- Which is the longest river in the world?
- Has the Nile ever dried up?
- What are 3 facts about the Nile River?
- What is a White Nile?
- In which country does the White Nile join the Blue Nile?
- Where does the White Nile originate quizlet?
- What supplies water to the White Nile?
- Who owns the Nile?
- What are the two main branches of the Nile?
- What was Egypts black land caused by?
- Where does the White Nile start and end?
- Why is the White Nile important?
- What animals live in the Nile River?
- What is the main source of the White Nile?
Which is the longest river in the world?
WORLDNile: 4,132 miles.Amazon: 4,000 miles.Yangtze: 3,915 miles..
Has the Nile ever dried up?
In harsh and arid seasons and droughts the Blue Nile dries out completely. The flow of the Blue Nile varies considerably over its yearly cycle and is the main contribution to the large natural variation of the Nile flow.
What are 3 facts about the Nile River?
Interesting Facts about the Nile river:The Nile River is the longest river in the world.The Nile flows into the Mediterranean Sea.The Nile has a length of about 6,695 kilometers (4,160 miles)Its average discharge is 3.1 million litres (680,000 gallons) per second.More items…
What is a White Nile?
In the strict meaning, “White Nile” refers to the river formed at Lake No, at the confluence of the Bahr al Jabal and Bahr el Ghazal Rivers. … In the wider sense, “White Nile” refers to all the stretches of river draining from Lake Victoria through to the merger with the Blue Nile.
In which country does the White Nile join the Blue Nile?
SudanIts main tributaries—the White Nile and the Blue Nile—meet in Khartoum, Sudan, a rain-poor city of nearly 2 million residents that relies on the Nile for irrigation.
Where does the White Nile originate quizlet?
The River Nile is formed from the White Nile, which originates at Lake Victoria and the Blue Nile, which originates at Lake Tana in Ethiopia. These rivers meet in Sudan and then go on their long journey northwards towards the sea.
What supplies water to the White Nile?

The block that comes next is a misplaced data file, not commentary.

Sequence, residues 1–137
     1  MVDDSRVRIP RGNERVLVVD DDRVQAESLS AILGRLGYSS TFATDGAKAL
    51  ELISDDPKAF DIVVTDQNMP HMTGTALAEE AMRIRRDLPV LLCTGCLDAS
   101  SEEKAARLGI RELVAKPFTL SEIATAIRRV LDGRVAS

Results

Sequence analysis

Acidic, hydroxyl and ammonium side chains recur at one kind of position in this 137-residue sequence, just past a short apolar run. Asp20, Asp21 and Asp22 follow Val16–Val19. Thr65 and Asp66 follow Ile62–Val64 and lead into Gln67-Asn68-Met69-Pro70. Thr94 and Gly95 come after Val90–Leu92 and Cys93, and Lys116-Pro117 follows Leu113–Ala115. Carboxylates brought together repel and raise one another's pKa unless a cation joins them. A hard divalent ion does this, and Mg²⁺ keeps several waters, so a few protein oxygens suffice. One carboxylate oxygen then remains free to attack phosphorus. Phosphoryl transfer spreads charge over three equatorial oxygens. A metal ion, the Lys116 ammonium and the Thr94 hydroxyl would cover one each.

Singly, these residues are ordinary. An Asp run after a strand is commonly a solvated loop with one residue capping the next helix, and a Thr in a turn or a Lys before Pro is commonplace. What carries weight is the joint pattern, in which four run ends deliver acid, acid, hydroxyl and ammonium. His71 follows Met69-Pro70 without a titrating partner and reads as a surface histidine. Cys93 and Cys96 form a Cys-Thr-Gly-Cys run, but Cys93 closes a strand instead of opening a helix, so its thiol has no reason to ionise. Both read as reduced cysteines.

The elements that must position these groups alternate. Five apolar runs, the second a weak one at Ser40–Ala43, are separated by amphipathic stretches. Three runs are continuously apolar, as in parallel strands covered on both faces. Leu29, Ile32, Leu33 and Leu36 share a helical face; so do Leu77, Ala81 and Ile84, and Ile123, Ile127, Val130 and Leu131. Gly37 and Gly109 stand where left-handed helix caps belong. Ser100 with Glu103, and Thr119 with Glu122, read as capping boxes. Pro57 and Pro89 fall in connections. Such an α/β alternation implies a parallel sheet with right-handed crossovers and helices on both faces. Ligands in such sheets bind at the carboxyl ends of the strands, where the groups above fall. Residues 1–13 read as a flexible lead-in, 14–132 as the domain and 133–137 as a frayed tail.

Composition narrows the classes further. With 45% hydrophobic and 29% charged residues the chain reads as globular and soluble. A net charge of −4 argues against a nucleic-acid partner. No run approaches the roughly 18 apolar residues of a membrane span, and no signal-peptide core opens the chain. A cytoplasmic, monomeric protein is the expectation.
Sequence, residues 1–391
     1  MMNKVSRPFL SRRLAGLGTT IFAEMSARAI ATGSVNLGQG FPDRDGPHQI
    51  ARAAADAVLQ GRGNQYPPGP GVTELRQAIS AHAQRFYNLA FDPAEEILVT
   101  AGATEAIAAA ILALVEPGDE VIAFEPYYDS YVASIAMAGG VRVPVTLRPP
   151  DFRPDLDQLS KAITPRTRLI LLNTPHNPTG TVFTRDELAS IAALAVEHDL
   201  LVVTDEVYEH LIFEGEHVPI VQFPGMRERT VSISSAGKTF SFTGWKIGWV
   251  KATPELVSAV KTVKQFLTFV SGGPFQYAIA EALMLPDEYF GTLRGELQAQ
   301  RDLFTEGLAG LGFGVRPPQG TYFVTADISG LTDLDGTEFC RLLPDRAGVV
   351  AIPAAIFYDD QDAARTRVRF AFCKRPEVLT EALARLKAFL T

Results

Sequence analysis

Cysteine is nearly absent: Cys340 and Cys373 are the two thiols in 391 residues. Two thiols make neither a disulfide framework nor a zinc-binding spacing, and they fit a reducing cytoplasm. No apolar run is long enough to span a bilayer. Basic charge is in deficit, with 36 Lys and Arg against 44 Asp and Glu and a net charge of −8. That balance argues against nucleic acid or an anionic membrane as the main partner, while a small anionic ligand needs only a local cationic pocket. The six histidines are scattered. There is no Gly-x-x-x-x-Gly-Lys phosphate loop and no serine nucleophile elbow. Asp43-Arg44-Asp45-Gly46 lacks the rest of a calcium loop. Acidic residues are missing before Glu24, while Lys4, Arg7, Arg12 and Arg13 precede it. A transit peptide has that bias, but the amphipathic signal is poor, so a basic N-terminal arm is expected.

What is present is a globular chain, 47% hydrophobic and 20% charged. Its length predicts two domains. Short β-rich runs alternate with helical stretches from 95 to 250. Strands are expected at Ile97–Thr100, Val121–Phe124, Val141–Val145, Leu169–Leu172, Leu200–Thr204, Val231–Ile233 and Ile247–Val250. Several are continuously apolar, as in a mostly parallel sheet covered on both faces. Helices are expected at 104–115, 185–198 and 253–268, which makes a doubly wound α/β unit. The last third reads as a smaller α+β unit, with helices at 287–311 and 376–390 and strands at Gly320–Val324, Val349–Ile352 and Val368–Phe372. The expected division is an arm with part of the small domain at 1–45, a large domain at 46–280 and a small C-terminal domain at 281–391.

The White Nile obtains its water in roughly equal amounts from two main sources. The first source is the rainfall on the East African Plateau of the previous summer.
Who owns the Nile?
Egypt relies on the Nile for 90% of its water. It has historically asserted that having a stable flow of the Nile waters is a matter of survival in a country where water is scarce. A 1929 treaty (and a subsequent one in 1959) gave Egypt and Sudan rights to nearly all of the Nile waters.
What are the two main branches of the Nile?
The Nile consists of two principal branches – the White Nile and the Blue Nile – which join at Khartoum to form the main Nile.
What was Egypts black land caused by?
Ancient Egypt consisted of two very different geographical areas, the red land and the black land. The black land consisted of fertile farming land created by the inundation of the Nile River and the depositing of silt. The red land consisted of deserts that surrounded the country and provided protection from enemies.
Where does the White Nile start and end?
NileBlue Nile RiverWhite Nile/Mouths
Why is the White Nile important?
While the White Nile is the longer tributary, the Blue Nile is the main source of water and fertile soil. The White Nile is called so because of the light-coloured clay sediment in the water giving the river a light grey colour.
What animals live in the Nile River?
What Animals Live In The Nile River?Nile Crocodile. The Crocodylus niloticus or the Nile crocodile is one of the most feared and revered residents of the Nile River. … Hippopotamus. Bathing in the waters of the Nile, the Hippopotamus amphibius is quite a common sight. … Nile Perch. … Nile Soft-shelled Turtle. … Nile River Snakes. … African Tigerfish. … Nile Monitor.
What is the main source of the White Nile?
It is formed by the confluence of the Mountain Nile (Baḥr al-Jabal) and the Sobat River above Malakal, and it flows for about 500 miles (800 km) northeast and north past Al-Rank, Kūstī (railway bridge), Al-Duwaym, and Jabal al-Awliyāʾ (irrigation dam) to join the Blue Nile at Khartoum and form the Nile proper.